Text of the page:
Verdict: Avoid It. Unless you are the world’s biggest Hondo Karr fan (if there is such a person), I can’t think of any reason you’d want to trudge through the haphazard writing and very inconsistent art. The series takes a break from the main story and also apparently takes a break from the quality it had showcased over the last few issues; I would recommend that you also take a break this week and pass on this issue.
Written by Craig Kyle, Chris Yost, Zeb Wells, and Mike Cary
Art by Clayton Crain, Ibraim Roberson, John Rauch, Laurence Campbell, and Matt Milla
Letters by Cory Petit
Cover by Clayton Crain
• The X-Necrosha one-shot features three stories that set up major elements of the upcoming X-Necrosha crossover. These include Selene’s attack on the X-Men, Cypher returning from the dead and setting his sights on Magma, and Blindfold receiving some sort of prophecy from an undead mutant that I didn’t recognize.
• The comparisons of this story to DC’s Blackest Night are inevitable and this issue doesn’t do much to squash those, with the role of the techno-organic virus serving a similar role to that of the Black Lantern rings, though Selene’s rationale for resurrecting the dead is presumably different than Nekron’s.
• The problem with this issue is that, unless you are majorly familiar with the characters, there isn’t much to grasp onto. There isn’t much setup to speak of and if you aren’t familiar, you are going to be lost on the significance of the events.
• I found myself losing interest rather quickly, which is probably due to equal parts being lost on the characters and being a bit burned out on semi-zombie stories.
• I did enjoy the binary gimmick of Cypher’s story, which is a fun twist for explaining how the techno-organic virus works. This seems to be the main focus of the story, though, which does absolutely nothing to build towards the revelation that Cypher is going after Magma.
• Things aren’t help by the art at all. Ibraim Roberson does a serviceable job in the Cypher story, but the horrible anatomy, poor detail, extreme stiffness, and lack of discernable expressions from both Clayton Crain and Laurence Campbell in their respective stories were cringe-worthy.
Verdict: Avoid It. I’m assuming that the purpose of this issue is to set up major story beats for the crossover, but the stories do very little to setup anything, so this is certainly not required reading. This issue should come with a disclaimer for casual readers warning them that they may get lost, though the biggest offense is still the very shoddy art.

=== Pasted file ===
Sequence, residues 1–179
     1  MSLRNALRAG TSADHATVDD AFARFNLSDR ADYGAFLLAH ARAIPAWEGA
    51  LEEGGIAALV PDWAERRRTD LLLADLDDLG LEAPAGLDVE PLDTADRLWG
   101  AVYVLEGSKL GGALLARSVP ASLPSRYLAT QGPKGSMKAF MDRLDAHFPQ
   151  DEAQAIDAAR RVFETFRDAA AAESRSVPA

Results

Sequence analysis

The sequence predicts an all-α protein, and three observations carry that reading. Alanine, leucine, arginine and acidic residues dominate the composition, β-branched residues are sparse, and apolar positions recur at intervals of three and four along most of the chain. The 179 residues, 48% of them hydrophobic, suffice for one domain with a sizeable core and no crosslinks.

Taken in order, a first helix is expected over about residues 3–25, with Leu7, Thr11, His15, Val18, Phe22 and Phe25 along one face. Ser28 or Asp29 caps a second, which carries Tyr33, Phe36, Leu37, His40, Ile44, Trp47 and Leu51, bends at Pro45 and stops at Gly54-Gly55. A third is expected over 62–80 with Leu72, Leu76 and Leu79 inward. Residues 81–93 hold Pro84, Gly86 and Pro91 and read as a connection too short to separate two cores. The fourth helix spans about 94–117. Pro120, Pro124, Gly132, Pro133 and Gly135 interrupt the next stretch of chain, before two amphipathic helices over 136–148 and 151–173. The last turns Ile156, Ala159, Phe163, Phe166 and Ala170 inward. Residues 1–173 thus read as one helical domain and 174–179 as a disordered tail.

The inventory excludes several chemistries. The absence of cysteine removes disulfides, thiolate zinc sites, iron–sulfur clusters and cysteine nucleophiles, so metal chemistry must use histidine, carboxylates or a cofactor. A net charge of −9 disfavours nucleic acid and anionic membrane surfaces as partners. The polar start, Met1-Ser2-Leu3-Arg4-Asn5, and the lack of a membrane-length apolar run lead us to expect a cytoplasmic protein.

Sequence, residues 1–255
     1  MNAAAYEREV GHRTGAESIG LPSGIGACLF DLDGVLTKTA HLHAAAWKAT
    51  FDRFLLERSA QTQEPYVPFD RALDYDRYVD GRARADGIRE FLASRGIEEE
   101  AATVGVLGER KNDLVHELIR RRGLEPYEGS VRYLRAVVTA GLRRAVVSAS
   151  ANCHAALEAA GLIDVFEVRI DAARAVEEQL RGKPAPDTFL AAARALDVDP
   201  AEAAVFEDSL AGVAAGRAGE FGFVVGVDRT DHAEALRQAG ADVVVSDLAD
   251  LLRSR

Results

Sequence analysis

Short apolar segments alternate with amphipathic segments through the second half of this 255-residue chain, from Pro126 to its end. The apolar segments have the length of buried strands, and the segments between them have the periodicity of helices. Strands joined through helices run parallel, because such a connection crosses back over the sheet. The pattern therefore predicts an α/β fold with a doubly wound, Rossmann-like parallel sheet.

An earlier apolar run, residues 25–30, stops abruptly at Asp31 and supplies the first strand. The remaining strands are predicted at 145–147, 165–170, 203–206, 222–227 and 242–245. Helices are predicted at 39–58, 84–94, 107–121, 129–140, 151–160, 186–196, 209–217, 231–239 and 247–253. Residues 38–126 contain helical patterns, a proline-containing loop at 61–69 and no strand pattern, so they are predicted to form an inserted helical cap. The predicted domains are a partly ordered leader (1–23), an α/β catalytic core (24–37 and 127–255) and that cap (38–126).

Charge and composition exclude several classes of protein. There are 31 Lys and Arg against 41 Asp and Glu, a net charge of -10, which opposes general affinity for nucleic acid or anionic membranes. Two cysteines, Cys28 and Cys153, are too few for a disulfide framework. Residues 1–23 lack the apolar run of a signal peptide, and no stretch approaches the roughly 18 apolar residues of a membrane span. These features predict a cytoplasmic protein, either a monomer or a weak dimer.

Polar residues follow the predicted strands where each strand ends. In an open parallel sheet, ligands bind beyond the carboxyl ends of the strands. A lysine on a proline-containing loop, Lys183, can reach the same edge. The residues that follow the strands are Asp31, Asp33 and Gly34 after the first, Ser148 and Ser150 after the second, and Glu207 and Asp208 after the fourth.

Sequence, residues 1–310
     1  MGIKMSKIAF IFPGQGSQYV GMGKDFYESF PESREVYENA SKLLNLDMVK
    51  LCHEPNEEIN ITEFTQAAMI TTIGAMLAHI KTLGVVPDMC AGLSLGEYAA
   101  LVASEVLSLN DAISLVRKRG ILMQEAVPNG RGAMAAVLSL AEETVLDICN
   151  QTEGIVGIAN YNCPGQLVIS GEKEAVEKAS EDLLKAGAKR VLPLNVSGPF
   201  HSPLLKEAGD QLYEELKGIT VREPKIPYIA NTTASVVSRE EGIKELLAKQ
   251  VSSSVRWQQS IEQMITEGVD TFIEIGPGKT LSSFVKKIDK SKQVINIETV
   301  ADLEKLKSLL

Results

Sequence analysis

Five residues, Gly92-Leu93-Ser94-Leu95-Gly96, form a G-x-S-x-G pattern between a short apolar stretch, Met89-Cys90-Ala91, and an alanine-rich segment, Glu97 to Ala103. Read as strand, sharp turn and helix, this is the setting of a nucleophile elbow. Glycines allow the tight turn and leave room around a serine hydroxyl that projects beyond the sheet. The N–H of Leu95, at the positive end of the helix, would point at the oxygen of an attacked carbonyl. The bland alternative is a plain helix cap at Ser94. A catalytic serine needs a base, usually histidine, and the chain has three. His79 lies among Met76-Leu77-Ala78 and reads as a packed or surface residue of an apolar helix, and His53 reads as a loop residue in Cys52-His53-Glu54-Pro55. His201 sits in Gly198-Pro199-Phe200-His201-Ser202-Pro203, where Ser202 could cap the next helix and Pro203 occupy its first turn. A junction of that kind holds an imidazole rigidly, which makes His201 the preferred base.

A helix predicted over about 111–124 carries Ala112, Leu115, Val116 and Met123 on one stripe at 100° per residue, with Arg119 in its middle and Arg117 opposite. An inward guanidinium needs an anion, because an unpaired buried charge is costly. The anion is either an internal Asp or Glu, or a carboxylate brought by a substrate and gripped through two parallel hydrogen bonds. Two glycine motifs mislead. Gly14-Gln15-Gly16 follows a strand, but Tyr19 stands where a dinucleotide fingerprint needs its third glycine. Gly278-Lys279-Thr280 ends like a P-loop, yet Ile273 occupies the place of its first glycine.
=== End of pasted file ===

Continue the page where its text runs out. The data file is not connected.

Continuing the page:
Written by Dan Abnett and Andy Lanning
Art by Wesley Craig and Nathan Fairbairn
Letters by Joe Caramagna
Cover by Alex Garner
• The usually awesome Guardians of the Galaxy wraps up a major movement in the series with this issue, which finds Star-Lord’s team of Guardians working with Kang the Conqueror to return to their own time to defeat Magus.
• This issue is oddly unfocused, with haphazard dialogue and an unclear explanation of the Guardian’s predicament from Kang.
• The character work, which is normally the highlight of this series, seems a bit off here. There is very little humor, charm, or even personality in this issue. It reads nothing like any Dan Abnett and Andy Lanning-penned issue I’ve ever read.
• Two major characters apparently die in this issue and both happen very quickly and without much gravitas. This is disappointing because a) their deaths seem almost brushed aside and b) the characters are two of the richest in the book, so there isn’t much sense in killing them off.
• The biggest problem with the issue, though, is the art. Everything good that the script does, the art undoes. Despite a fun sense of energy, the cartoony look of the issue is too overly exaggerated to generate any emotional resonance. In fact, it is so over-the-top that it actually works against the emotional weight of the issue.
Verdict: Read with Caution. This should be one of the biggest and most important issues of the series, but, unfortunately, the unfocused dialogue, rushed plotting, and simply horrendous art completely derails the importance of the moment. You’ll very little of the many, many, many things that make this one of the best comics on the stands in this issue, which is a damn shame as I hate to criticize what is normally one of my favorite titles.